by Leni Hurley
The TIC Book Club met in March 2015 in Cafe Restaurant No Sikiriki, and the atmosphere was great. The book under discussion was The Last Kingdom, first volume in a series written by Bernard Cornwell. We all loved the book. This may seem odd, given that we were all women and that this historical novel describes a pretty brutal man’s world. In the book we followed a young warrior’s epic adventure of courage, devotion, treachery, duty, battle and love. The time is the middle of the ninth century AD; the place – the British Isles. The action – the invasion of the Christian Anglo-Saxon world by Norsemen; men who came with their own, very vibrant gods. All in all, the book lent itself to a spirited discussion: how did the two religions compare; how does this epoch of violent turmoil strike you? Are there similarities in our present day world? And what about the remnants of an earlier, much more advanced civilization? When they left in about 410 AD, the Romans abandoned their amazing structures and roads and not a Briton, so it appears, cared to imitate or inhabit them. Yet many centuries later, the Anglo-Saxons made grateful use of these roads, especially in times of war. Yet they continued to use mud and straw to engineer their civic landscape. What does this say about the original Britons, the Anglo-Saxons that took over, and the Romans that came in between? And could such a thing happen again? Perhaps it did happen, many times over? All in all, it was a great night!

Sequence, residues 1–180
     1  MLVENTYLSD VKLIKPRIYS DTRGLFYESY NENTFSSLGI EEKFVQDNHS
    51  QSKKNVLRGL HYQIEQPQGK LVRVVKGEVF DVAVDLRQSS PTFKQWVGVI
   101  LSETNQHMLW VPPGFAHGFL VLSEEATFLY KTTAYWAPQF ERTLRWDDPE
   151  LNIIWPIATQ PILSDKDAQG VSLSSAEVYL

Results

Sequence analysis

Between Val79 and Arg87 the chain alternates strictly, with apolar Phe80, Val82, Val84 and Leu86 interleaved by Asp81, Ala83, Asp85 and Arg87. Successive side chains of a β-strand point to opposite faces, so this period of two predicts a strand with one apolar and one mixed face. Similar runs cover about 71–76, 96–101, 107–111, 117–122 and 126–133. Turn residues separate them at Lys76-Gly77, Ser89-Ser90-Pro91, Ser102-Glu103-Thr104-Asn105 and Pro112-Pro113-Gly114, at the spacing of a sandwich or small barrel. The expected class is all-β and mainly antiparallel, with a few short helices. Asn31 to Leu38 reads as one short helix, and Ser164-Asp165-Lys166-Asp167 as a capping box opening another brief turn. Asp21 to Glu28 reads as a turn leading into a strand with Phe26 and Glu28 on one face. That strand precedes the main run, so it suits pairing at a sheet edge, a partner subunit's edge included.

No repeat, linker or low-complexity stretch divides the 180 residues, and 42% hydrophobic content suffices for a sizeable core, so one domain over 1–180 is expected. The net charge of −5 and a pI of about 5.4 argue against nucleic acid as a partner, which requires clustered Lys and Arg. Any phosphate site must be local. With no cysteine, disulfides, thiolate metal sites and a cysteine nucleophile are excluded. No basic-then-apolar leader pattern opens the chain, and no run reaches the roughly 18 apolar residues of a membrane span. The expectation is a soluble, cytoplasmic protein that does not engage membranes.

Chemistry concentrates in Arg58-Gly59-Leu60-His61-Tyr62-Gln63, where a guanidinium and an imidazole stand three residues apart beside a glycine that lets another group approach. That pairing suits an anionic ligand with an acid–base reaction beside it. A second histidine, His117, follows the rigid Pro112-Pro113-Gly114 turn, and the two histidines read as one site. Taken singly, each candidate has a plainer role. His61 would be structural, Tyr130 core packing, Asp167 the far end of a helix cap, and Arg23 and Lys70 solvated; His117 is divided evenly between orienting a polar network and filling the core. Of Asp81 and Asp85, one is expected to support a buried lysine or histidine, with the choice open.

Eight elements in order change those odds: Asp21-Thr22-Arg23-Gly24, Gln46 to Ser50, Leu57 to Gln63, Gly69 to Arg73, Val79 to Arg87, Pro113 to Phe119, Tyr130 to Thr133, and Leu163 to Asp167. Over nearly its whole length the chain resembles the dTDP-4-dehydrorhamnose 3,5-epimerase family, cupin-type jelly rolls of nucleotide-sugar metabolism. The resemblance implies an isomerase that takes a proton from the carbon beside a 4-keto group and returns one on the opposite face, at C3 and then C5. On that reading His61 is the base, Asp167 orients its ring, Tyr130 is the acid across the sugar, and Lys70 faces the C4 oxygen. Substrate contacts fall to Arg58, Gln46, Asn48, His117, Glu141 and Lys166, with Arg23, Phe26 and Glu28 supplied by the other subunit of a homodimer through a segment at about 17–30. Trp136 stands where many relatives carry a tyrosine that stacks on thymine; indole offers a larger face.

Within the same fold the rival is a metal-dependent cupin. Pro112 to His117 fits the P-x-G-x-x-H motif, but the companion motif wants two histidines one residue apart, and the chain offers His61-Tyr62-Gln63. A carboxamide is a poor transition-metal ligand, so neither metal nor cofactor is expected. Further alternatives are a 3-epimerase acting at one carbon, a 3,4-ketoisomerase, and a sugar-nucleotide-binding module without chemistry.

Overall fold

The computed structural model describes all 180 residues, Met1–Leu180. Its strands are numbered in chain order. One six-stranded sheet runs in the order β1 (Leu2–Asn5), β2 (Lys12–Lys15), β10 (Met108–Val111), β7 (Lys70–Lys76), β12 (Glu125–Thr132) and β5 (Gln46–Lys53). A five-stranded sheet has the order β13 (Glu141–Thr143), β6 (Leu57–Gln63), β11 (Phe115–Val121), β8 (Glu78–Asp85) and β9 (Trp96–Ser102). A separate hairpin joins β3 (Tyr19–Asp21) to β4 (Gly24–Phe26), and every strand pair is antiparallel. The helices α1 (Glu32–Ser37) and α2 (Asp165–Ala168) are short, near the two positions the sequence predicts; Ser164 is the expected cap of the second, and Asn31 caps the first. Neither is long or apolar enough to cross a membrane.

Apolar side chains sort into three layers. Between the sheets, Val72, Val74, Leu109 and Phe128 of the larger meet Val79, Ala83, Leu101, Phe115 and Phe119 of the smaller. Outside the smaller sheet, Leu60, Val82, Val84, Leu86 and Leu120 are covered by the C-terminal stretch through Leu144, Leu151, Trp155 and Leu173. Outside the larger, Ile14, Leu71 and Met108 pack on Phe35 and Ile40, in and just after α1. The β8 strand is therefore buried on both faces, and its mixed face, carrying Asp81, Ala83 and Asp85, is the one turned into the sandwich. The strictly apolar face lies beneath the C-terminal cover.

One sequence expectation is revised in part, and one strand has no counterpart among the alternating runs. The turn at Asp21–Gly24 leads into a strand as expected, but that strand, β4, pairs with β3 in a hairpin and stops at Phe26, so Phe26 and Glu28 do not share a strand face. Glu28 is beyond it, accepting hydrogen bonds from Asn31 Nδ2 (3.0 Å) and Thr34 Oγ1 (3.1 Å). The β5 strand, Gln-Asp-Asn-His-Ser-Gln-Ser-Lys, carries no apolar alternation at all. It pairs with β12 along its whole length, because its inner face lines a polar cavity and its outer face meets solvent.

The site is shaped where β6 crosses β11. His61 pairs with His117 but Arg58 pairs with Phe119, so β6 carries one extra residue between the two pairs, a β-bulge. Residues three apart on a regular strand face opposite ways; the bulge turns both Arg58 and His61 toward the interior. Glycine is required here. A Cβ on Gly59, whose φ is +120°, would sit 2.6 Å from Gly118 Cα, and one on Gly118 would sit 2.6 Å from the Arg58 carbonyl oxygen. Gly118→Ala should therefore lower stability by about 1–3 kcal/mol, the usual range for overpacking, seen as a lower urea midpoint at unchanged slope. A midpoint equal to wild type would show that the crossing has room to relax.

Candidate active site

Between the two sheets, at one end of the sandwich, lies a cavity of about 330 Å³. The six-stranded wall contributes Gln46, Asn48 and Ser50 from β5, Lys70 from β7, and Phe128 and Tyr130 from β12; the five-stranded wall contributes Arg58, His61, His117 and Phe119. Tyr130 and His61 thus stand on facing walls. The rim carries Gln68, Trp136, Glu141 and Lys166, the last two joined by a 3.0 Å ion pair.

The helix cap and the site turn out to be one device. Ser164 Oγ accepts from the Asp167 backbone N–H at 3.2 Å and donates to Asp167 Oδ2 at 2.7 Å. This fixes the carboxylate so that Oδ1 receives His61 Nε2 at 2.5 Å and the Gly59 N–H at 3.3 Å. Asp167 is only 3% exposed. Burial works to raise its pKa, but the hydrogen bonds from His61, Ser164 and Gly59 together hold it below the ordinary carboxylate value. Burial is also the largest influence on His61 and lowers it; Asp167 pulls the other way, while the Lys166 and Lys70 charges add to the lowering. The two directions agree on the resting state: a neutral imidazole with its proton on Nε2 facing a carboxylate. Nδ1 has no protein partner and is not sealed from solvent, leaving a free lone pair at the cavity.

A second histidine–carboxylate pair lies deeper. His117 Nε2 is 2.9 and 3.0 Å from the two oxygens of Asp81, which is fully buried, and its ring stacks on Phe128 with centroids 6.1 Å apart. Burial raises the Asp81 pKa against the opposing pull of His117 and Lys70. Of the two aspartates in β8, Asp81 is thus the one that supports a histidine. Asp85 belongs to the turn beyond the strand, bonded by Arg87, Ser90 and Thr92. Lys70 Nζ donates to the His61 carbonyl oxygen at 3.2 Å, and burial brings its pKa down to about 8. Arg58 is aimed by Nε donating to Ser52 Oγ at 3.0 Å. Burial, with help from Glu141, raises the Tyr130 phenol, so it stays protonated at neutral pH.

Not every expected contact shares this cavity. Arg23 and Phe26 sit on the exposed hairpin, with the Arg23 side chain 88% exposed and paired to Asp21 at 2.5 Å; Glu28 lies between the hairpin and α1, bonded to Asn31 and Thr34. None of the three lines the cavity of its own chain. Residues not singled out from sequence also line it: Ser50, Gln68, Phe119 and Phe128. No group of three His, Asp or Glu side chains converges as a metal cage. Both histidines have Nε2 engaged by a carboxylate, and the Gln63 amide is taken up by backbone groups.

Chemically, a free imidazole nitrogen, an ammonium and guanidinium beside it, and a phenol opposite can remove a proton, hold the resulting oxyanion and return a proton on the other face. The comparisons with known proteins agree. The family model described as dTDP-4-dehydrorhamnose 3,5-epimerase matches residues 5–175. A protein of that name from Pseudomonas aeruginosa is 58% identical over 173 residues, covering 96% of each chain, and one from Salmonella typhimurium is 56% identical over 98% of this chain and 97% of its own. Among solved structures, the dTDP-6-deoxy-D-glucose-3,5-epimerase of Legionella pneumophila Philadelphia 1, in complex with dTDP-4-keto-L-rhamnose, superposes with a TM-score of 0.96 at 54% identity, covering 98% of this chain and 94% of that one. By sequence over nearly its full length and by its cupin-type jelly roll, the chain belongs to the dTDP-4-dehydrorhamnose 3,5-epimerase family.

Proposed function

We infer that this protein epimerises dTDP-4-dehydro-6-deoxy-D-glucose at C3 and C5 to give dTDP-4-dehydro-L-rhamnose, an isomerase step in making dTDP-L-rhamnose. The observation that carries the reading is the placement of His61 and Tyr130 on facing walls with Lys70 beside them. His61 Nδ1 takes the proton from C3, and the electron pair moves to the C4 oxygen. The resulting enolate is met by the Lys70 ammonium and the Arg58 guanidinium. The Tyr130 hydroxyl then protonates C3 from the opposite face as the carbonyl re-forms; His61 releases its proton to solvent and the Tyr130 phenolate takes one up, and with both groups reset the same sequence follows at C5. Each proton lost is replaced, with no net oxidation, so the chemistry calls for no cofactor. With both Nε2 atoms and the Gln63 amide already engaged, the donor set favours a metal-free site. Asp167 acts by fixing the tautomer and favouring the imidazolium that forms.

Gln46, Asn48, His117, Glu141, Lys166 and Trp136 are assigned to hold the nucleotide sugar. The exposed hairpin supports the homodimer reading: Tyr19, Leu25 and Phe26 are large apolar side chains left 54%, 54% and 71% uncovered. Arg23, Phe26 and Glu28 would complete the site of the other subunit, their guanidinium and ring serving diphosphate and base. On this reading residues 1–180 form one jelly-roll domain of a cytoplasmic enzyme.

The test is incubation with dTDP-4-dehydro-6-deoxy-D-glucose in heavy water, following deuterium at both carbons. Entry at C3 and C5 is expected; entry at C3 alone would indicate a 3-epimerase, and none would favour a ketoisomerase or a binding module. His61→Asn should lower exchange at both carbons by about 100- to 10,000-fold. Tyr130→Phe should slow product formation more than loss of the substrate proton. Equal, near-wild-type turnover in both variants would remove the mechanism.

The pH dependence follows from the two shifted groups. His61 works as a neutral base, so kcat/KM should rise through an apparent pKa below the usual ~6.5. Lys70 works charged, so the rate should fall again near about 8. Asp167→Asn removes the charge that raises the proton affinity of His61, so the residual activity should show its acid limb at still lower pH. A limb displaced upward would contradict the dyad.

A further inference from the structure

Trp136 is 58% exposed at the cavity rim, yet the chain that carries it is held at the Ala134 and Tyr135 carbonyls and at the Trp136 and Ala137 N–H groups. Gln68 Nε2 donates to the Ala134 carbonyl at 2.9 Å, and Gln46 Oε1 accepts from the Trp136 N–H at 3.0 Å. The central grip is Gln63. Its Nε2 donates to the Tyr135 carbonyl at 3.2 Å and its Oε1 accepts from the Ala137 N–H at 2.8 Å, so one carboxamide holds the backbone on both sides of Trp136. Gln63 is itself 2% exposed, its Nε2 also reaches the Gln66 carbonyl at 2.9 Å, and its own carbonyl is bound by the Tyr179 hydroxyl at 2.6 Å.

It was yet another twist to our borrel outings this month. We met at De Pont museum in Tilburg for a beverage and to take advantage of the museum’s being open late, which occurs on the third Thursday of the month. It was quite a nice turnout as we gathered in the café to enjoy a drink, some light snacks and began to catch up on the what was going on in our busy lives! After the borrel, we made our way into the museum to enjoy the exhibits. Some the featured exhibitions included the films of Isaac Julien, the video works of Emma van der Putt, the paintings of Toon Verhoef and several other interesting works.
The description of the films of Isaac Julien are described by as “a blend of fact and fiction, aesthetics and critical reflection. In his films he has told stories about ethnic origins and social vulnerability, about sexuality and gender, about beauty and economic capital. Julien’s film installations can be compared to musical compositions in which various voices are brought together”.
Emma van der Put graduated from the AKV St. Joost in 2010 with Scenes uit een avond (Scenes from an Evening) as her final-exam project. For one of her most recent videos, which is what we had the pleasure of viewing at De Pont, she took her camera to the notorious Brussels train station Midi/Zuid. There she filmed the loud advertisements, hurried travelers and sleeping homeless people.
My favorite exhibition of the evening was the work of Toon Verhoef. The paintings of Verhoef are described as “they resist definition; the words to describe what they show usually remain at the tip of one’s tongue. Each painting is based on a drawing that the artist has selected from dozens of small sketches and preparatory drawings. That is the drawing which ‘hits the nail on the head’ due to a certain detail or because of some incongruity that intrigues him”.
If you have never visited De Pont or it has been awhile since your last visit, you definitely owe it to yourself to stop in and take a look. There is always something beautiful, thought provoking or just different to enjoy!